Unit of Rehabilitation of Victims of Torture

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The Unit of Rehabilitation of Victims of Torture (URVT) [1] has operated in Cyprus since 2005.

The funding for the establishment of the URVT came originally from the European Council[2] decision to establish the European Refugee Fund (ERF) II[3] for 2005–2010. Cyprus has been participating in the ERF since 2004, with the Asylum Service being appointed as the responsible authority for its implementation. The national program for the implementation of the ERF is mainly focused on actions in the areas of reception of asylum seekers and integration of persons enjoying a form of international protection (including refugees) currently residing in Cyprus.

The Unit was founded with the initiatives of Elia Petridou and Yiannis Laouris and is operated under the Humanitarian Affairs Unit of Future Worlds Center, a non profit, non-governmental organization established in Cyprus.

The URVT operates on the premise that no one shall be "subjected to torture or to cruel, inhuman or degrading treatment or punishment."(Article 5, Universal Declaration of Human Rights, 1948)

The URVT is dedicated to helping victims of torture and their families rebuild their lives, regardless of race, national origin, religion, gender, sexual orientation, or economic or legal status.

The victims[edit]

For the Unit, a victim of torture is anyone who has experienced any form of torture, which is defined as "any act by which severe pain and suffering, whether physical or mental is intentionally inflicted on a person for such purposes as obtaining from him or a third person information or a confession, punishing him for an act he or a third person committed or is suspected of having committed, or intimidating or coercing him or a third person."

Victims of torture in Cyprus are mainly asylum seekers and therefore have applied for protection in Cyprus in accordance to the asylum procedures as stipulated in the Cyprus Refugee Law 2000. In accordance to the Refugee law as well as Cyprus' EU and International obligations the element of torture must be examined and taken into consideration when examining an asylum seeker's application for asylum. If torture is found then the person should not be returned to their country of origin and should be granted refugee status, or other status depending on the other elements of the case. The victims that are treated by the URVT are asylum seekers and recognized refugees, and the vast majority are referred to us by the Asylum Service, Ministry of Interior, which is the proper authority that examines asylum claims. The referral is based on an obligation stipulated in the Cyprus Refugee Law according to which when an applicant claims torture the Asylum Service must refer him/her to a specialist doctor. In lack of any other specialist, the Asylum Service fulfills this obligation by referring asylum seekers who claim torture to URVT. The Unit operates closely with the Office of the United Nations High Commissioner for Refugees in Nicosia.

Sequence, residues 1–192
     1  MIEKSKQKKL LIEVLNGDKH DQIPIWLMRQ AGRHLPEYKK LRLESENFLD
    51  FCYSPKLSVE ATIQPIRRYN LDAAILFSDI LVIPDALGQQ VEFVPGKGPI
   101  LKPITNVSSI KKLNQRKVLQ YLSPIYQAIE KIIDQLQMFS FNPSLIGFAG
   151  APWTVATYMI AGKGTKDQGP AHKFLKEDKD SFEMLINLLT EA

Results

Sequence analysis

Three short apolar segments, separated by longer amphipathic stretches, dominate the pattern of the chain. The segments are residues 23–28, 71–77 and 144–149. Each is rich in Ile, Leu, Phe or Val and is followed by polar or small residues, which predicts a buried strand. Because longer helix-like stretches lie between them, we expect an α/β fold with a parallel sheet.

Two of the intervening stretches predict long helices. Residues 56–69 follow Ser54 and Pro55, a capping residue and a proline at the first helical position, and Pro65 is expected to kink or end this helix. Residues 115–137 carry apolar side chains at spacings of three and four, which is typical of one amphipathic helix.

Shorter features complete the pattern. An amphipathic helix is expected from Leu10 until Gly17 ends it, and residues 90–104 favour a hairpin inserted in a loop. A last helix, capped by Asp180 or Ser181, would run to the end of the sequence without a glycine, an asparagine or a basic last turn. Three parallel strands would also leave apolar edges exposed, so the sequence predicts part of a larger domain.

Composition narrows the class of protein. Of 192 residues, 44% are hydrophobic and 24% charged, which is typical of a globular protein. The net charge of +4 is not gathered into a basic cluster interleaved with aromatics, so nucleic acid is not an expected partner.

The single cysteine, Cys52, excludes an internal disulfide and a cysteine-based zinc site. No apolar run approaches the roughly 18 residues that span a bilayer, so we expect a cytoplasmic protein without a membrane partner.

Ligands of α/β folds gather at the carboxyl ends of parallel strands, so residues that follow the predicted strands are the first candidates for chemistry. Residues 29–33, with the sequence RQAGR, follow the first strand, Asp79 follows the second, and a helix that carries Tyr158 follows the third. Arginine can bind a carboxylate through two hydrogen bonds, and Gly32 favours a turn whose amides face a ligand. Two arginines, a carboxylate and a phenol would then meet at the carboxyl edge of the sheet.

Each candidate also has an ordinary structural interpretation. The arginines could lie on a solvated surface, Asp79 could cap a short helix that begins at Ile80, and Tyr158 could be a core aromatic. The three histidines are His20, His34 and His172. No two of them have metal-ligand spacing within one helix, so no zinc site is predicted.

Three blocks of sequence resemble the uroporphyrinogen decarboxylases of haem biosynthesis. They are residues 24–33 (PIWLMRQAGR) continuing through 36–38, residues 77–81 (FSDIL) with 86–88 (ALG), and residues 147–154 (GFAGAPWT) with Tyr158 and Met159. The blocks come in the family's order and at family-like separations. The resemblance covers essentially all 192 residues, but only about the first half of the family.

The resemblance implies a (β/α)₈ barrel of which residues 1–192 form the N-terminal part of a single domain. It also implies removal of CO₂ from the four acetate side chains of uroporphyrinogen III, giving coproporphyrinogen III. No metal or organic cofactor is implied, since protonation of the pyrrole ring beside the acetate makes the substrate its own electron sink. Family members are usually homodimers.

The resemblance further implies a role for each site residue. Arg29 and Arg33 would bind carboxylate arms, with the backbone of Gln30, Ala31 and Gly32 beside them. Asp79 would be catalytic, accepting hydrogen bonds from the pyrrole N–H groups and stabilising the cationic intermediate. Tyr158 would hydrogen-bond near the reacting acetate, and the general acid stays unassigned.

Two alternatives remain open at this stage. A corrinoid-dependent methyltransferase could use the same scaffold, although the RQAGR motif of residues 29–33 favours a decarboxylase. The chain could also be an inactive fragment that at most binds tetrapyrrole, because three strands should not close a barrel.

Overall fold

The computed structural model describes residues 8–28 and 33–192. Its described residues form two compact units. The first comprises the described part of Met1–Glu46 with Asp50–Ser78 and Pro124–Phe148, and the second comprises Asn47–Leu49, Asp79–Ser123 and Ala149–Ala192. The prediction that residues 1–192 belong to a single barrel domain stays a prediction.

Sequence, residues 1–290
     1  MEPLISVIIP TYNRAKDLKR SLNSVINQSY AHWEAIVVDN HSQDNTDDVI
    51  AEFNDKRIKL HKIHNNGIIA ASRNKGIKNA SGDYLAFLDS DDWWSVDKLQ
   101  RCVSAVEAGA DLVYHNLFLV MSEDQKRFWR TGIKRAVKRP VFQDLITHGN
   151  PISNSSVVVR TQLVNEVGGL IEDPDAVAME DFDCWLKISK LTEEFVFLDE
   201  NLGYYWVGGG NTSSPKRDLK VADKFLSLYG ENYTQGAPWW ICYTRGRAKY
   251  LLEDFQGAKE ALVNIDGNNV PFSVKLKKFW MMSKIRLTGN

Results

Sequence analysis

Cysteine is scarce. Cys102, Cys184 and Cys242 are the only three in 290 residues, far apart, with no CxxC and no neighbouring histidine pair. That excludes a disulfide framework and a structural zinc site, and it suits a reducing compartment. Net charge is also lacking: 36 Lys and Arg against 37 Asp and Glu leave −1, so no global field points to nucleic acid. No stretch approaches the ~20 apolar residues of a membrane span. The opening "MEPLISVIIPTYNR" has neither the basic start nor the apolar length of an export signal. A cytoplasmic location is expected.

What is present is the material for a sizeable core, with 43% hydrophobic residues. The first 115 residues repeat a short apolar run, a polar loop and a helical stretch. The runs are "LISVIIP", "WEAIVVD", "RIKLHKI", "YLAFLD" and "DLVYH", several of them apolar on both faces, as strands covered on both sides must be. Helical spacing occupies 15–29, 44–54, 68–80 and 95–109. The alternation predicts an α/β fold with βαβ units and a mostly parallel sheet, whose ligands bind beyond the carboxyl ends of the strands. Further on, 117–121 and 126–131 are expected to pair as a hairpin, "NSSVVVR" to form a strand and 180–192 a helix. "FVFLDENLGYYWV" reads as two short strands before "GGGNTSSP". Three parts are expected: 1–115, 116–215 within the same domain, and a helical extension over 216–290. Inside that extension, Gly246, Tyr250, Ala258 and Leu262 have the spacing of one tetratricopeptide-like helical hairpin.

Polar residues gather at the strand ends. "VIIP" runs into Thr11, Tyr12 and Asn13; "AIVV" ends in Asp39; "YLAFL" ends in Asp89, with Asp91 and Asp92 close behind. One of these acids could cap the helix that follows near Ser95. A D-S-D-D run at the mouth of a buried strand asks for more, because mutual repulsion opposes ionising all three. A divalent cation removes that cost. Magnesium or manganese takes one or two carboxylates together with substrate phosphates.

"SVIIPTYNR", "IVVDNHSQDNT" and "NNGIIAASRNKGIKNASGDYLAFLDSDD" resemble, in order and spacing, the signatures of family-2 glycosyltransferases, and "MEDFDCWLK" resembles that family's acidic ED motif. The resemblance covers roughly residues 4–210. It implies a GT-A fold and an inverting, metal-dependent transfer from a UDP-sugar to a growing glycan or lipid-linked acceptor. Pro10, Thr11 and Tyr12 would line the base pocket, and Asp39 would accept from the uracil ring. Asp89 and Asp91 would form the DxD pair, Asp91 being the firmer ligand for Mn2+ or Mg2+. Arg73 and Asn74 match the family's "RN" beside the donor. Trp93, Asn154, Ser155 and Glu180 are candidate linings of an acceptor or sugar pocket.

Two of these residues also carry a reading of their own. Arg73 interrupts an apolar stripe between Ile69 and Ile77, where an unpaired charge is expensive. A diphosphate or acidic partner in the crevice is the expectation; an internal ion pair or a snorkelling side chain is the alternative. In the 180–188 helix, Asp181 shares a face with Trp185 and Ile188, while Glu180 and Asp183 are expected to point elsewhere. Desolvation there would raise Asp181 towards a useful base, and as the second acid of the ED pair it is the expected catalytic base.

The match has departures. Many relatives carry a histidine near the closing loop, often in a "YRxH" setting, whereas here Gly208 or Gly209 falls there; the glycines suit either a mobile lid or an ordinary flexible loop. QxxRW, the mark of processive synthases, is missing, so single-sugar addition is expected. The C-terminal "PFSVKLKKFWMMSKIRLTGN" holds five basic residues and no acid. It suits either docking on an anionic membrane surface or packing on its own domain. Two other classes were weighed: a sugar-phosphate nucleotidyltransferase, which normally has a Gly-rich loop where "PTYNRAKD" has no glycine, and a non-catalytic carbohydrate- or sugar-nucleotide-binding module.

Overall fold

Torture victims arriving in Cyprus are mainly, Kurds from Turkey, Kurds from Syria, Syrians (Arab), Iranians, Palestinians. We have also had cases from Cameroon, Sierra Leone and Pakistan.

The URVT follows the definition on torture and the procedures as stipulated in the Istanbul Protocol.

References[edit]

  1. ^ URVT.org, Unit of Rehabilitation of Victims of Torture
  2. ^ COE.int, website of the Council of Europe
  3. ^ EU.europa.eu, website of the European Refugee Fund

External links[edit]